Lively, entertaining reviews of, and essays on, old and newer films and everything relating to them, written by professional author William Schoell.

Thursday, September 27, 2018


Joan Evans
ON THE LOOSE (1951). Director: Charles Lederer.

Jill Bradley (Joan Evans) is a small-town 16-year-old girl who has distracted parents (Lynn Bari and Melvyn Douglas) and a seemingly devoted boyfriend named Larry (Robert Arthur of Naked Youth). When Larry brings Jill to his house when his parents are gone, he passes out on the sofa and is found hungover the next morning. Larry is forced to break up with the "fast" Jill, who dates lots of guys to get over her heartbreak and winds up with a "reputation," nearly leading to tragedy. On the Loose is a time capsule of a movie, looking back at 1950's attitudes towards dating and premarital sex, as well as at timeless troubled marriages, and on that level is quite effective. Joan Evans [Roseanna McCoy] gives a very good performance as the confused and unhappy young woman, and the rest of the cast are also on target, with Melvyn Douglas [Hud] delivering some fine moments when he does his best to bond with his daughter in the second half of the film. Hugh O'Brian makes an impression as a kind-hearted doctor, and Tristram Coffin plays a judge, who shows up after some melodramatic developments in a bar. The ending is unrealistically happy but nevertheless touching.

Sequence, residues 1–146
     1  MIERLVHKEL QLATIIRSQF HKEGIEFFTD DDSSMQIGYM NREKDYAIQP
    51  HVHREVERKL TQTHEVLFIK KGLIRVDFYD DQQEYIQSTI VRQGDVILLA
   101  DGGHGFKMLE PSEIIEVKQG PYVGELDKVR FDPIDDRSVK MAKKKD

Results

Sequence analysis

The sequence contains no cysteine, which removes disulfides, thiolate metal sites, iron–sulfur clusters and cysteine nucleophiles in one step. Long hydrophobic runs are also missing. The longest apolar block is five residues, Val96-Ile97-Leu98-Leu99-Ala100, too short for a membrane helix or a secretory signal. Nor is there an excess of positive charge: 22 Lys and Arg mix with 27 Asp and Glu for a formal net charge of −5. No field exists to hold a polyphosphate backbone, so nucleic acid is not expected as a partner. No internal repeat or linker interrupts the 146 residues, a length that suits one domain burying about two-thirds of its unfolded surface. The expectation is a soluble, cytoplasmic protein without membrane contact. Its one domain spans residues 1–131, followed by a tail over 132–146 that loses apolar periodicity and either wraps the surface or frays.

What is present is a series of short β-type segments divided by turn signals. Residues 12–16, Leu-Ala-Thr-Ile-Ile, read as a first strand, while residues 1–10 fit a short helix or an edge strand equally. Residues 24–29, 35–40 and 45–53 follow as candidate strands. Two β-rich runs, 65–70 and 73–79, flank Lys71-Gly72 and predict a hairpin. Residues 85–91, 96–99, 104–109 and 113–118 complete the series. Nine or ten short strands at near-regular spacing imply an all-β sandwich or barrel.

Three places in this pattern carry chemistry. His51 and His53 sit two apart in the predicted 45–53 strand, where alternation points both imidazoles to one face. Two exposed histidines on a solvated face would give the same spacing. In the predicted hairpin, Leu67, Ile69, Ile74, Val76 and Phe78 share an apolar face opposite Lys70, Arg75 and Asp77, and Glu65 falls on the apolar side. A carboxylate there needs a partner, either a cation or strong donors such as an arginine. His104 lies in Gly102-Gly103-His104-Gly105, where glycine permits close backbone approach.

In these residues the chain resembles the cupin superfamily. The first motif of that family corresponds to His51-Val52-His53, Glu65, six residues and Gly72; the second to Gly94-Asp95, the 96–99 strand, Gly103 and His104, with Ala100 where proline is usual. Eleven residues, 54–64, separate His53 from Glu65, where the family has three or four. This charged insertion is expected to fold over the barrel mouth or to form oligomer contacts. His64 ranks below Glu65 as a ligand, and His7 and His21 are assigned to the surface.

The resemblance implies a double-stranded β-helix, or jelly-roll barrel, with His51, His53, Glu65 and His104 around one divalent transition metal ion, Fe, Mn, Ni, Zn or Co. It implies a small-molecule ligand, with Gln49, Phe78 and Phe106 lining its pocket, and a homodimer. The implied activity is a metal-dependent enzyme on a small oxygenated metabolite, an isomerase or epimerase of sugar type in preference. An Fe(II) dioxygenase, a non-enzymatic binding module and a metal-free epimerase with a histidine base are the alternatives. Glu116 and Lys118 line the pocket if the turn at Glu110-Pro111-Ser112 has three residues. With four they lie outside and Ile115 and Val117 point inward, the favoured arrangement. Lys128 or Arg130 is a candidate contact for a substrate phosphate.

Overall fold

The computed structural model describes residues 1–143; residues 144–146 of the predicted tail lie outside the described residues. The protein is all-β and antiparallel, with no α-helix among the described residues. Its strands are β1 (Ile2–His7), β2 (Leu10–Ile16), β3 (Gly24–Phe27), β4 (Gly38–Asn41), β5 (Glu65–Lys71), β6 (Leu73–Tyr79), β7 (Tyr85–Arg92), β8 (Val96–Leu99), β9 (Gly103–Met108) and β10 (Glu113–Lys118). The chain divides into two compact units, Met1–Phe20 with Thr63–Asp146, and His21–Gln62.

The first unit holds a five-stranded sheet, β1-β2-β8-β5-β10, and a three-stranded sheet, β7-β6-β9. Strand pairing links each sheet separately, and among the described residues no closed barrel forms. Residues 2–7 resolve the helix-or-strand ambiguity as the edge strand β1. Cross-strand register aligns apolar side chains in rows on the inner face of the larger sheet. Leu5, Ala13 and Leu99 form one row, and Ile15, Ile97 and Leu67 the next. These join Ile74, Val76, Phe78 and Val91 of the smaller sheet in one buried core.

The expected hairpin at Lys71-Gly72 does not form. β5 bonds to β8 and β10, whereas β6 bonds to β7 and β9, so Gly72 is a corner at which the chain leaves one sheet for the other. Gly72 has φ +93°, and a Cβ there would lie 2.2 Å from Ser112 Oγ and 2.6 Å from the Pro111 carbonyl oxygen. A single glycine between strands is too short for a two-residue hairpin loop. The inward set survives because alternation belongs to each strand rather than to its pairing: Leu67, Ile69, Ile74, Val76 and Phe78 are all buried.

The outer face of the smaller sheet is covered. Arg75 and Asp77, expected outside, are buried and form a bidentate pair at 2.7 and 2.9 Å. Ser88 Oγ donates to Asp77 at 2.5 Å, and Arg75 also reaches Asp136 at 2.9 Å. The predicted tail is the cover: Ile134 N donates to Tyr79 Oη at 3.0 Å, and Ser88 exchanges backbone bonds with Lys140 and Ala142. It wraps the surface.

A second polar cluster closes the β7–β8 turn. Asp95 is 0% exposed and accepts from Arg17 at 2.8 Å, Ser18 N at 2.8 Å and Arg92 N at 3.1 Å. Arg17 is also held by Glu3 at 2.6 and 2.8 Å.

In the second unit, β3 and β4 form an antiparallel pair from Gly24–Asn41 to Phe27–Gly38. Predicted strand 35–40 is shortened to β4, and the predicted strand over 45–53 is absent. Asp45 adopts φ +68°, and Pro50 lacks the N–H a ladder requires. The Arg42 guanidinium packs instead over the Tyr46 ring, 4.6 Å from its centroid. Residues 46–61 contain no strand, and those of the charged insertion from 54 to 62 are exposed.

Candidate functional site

Verdict: Teen angst well-played. ***. 


angelman66 said...

Have not seen this one but need to. Trivia: Joan Evans's godmother and namesake was Joan Crawford, who was best buddies with the girl's screenwriter/producer parents. But when Crawford helped Joan elope with her fiance (both were under age) against her parents' wishes, little Joan's mom and dad never spoke to big Joan again...but little Joan's marriage was a success.

William said...

Yep, all true. And Evans' mother Katherine Albert later wrote the screenplay for "The Star," which was based om Crawford but starred Bette Davis. I don't know if various writers on the "feud" ever noted that connection.